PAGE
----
"Iowa does three things. We grow corn, we go to state fairs, and we caucus," Jordan Lampe told me inside Dwolla's Des Moines office.
Lampe—who works for the popular Des Moines e-commerce startup (which enables people to wire other people money)—is the chief organizer of the Iowa Internet Uncaucus 2012, a livestreamed, non-partisan political event held this past weekend aimed at boosting civic engagement. The Uncaucus was also an opportunity for Reddit's Internet 2012 bus to shut down a major bridge for the evening and meet some concerned and politically active Iowans in the shadow of the Iowa State Capitol building.
"Iowa plays a huge role in our nation's political landscape every four years and as Iowans our greatest strength is our sense of community. We want to say, 'I don't care what side of the river you live on, we're going to meet in the middle, discuss our pressing issues with our neighbors and let the Internet carry our message forward,'" Lampe said.
True to the metaphor, politically concerned citizens met in the middle of the bridge, though turnout was hampered by the temperatures in the 30s and the anticipated crowd of hundreds was closer to about 50. For nearly an hour and a half, 10 Iowans took turns on a soapbox, discussing issues from city voting and family farming to net neutrality. Participants at home and at the event could vote for and comment on the speeches via text message or head online to rally around a particular cause.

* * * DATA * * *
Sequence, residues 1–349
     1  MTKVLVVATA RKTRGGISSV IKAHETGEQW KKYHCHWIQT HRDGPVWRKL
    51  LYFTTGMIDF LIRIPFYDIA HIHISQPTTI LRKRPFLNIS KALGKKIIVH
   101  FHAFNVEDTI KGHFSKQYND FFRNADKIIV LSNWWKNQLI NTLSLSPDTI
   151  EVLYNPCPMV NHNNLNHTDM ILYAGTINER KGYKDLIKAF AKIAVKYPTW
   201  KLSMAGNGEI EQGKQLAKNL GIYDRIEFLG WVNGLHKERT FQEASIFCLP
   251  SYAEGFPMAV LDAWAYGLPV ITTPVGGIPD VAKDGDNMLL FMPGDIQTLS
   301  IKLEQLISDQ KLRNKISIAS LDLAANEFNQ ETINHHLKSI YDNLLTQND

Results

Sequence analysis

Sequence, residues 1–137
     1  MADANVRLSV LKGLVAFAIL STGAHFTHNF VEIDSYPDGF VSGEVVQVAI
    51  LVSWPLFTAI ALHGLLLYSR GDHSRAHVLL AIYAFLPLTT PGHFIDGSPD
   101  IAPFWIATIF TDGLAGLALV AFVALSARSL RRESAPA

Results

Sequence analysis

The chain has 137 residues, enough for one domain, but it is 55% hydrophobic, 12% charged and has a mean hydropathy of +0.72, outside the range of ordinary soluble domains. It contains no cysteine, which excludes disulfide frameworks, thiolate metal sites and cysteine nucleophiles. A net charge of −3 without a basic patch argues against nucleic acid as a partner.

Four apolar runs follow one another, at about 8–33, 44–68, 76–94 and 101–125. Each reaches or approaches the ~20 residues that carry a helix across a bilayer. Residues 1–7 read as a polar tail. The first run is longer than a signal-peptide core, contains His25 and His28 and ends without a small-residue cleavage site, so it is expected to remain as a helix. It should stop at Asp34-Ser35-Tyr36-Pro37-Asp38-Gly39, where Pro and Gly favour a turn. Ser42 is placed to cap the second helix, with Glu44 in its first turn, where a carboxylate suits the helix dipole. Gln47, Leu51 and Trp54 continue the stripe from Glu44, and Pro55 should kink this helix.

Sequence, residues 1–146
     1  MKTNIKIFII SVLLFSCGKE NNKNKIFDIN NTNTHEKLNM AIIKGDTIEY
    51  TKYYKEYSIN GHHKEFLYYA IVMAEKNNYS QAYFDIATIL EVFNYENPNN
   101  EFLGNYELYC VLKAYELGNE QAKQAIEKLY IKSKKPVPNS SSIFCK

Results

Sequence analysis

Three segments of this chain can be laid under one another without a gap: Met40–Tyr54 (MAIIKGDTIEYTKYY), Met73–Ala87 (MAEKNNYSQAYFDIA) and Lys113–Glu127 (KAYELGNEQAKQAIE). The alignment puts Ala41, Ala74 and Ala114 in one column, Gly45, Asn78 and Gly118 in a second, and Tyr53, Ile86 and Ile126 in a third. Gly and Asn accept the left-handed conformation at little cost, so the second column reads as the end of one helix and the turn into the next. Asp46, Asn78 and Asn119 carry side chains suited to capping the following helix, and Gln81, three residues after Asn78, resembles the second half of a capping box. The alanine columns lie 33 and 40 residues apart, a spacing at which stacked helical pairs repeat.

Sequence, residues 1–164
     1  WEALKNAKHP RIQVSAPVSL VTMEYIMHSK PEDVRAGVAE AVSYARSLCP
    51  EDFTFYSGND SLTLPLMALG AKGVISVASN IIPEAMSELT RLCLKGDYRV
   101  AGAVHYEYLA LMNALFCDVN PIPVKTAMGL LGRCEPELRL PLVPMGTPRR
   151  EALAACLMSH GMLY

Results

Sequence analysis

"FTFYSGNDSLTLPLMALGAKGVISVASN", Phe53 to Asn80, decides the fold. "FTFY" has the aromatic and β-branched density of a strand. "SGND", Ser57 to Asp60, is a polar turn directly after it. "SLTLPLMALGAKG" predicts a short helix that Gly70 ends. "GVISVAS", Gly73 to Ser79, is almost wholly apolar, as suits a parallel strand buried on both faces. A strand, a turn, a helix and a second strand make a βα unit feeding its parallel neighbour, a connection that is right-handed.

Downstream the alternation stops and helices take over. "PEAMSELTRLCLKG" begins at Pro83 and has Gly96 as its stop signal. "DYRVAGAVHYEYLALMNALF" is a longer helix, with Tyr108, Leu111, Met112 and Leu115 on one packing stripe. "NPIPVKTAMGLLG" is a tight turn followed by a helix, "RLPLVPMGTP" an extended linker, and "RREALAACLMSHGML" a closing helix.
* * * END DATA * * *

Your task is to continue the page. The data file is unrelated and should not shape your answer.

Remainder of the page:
For those on the bus, it was yet another reminder of just how hard it is to achieve real grassroots activism, which, of course, is the purpose of tour. "We get excited about all these issues, but we never vote," Alexander Grgurich, a technology consultant and organizer for TEDxDesMoines told the crowd. "We're focusing too much on Washington, which is gridlocked, when we should be focusing on Iowa itself," he said.
While most of the bundled speakers stood up to address local issues, Des Moines lawyer and net neutrality expert Brett Trout's message was geared toward national action to urge the American public to keep vigilant against any sort of broad sweeping anti-piracy legislation—like last January's SOPA/PIPA bills— so that the freedom of the Internet endures.
For Trout, who looked out of place on the bridge wearing a pinstripe suit in a sea of North Face jackets and hooded sweatshirts, it's events like these that keep him energized in the fight.
"Even though you're preaching to the choir you're getting the choir very informed and then you go out and evangelize that to everyone else. If they can be decisive about these complex issues like net neutrality, they can spread the message. That's all we can ask right now. It's not that people don't want to take action, it's that they're unsure and afraid to make mistakes," Trout told me after his soapbox talk.
For all his optimism about the event, Trout grew more serious as the conversation turned toward the future battles to be fought against large content creators and intellectual property owners trying to censor the free collaboration of the Internet. "Unfortunately I don't think i'll be able to educate enough people on this before another bill comes through Congress," he said. "It's going to be a very uphill battle."